LOS ANGELES (CBSLA.com) — The National Transportation Safety Board on Tuesday confirmed co-pilot error as the cause of the deadly failure of Virgin Galactic’s SpaceShipTwo spacecraft over the Mojave Desert in October.

The confirmation comes as the result of a lengthy investigation, which also identified the plane’s builders’ failure to anticipate the potential of such a mistake with a percentage of the responsibility.

The spacecraft suffered catastrophic failure and broke apart during a powered flight test, killing co-pilot Michael Alsbury and critically injuring pilot Peter Siebold. The NTSB stated in a conference on Tuesday that Albury was found to have unlocked the spacecraft’s feathering system shortly after the SpaceShipTwo had separated from its mother-ship, WhiteKnightTwo, and had fired its hybrid rocket engine.

In the feathering procedure, a pilot will unlock then deploy the stabilizers. These rotate two tail booms upward to create drag and slow the spacecraft as it aligns into a “belly-up” position before re-entry into the atmosphere.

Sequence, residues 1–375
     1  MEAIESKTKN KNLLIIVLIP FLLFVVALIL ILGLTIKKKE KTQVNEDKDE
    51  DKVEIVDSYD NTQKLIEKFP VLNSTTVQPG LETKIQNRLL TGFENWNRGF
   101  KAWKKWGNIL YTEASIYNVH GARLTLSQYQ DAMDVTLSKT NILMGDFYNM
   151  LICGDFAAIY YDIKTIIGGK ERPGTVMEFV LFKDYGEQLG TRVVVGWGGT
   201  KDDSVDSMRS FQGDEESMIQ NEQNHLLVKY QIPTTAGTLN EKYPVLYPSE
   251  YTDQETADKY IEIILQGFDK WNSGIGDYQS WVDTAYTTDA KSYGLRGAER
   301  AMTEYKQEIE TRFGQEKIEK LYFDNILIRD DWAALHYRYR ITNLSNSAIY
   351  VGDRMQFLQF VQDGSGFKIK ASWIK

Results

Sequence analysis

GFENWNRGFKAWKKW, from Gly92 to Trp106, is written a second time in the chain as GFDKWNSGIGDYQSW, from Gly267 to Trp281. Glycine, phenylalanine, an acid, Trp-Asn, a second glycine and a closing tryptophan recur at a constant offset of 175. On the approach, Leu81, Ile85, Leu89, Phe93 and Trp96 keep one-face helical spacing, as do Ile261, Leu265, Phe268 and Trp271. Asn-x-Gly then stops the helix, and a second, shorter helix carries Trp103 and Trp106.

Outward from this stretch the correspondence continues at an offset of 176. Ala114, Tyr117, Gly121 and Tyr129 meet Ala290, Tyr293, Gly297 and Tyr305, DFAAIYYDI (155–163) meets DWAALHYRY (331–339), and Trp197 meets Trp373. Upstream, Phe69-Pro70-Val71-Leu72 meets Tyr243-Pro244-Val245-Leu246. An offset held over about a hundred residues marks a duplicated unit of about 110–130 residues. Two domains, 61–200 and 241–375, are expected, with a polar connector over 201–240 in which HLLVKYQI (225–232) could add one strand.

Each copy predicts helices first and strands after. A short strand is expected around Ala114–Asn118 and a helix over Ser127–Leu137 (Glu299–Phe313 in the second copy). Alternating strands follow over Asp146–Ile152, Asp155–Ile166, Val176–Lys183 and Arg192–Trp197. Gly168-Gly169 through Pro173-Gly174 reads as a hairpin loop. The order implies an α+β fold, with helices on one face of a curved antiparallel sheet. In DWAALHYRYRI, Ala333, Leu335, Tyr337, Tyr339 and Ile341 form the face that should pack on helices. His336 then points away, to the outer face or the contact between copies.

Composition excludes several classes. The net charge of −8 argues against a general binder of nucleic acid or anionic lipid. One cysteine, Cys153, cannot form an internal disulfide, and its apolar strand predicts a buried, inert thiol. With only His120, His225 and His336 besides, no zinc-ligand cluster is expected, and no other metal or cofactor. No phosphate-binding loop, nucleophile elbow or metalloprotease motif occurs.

The procedure was designed to be used as a form of descent only. In the case of SS2’s crash, it appears Alsbury unlocked the feathers early, as the spacecraft was still accelerating. NTSB says the breakup occurred after the craft passed Mach 1 — the speed of sound.

The report, read by NTSB Chairman Christopher Hart, indicates the unlocking of the feathering system was activated too early. This caused the plane to encounter an excessive amount of air resistance and ultimately leading to its disintegration.

The board also suggested that Scaled Composites, the development company that built the spacecraft, took part in the responsibility of the crash, due to its “failure to consider and protect against the possibility that a single human error could result in a catastrophic hazard to the SpaceShipTwo vehicle.”

The feathering system had been used during 10 prior test flights, after initial powered test flights began in April of 2013.

The tragedy marked the first fatality on a spacecraft during flight since the Columbia failed during re-entry after the STS-107 mission in 2003, in which seven crew members were killed.

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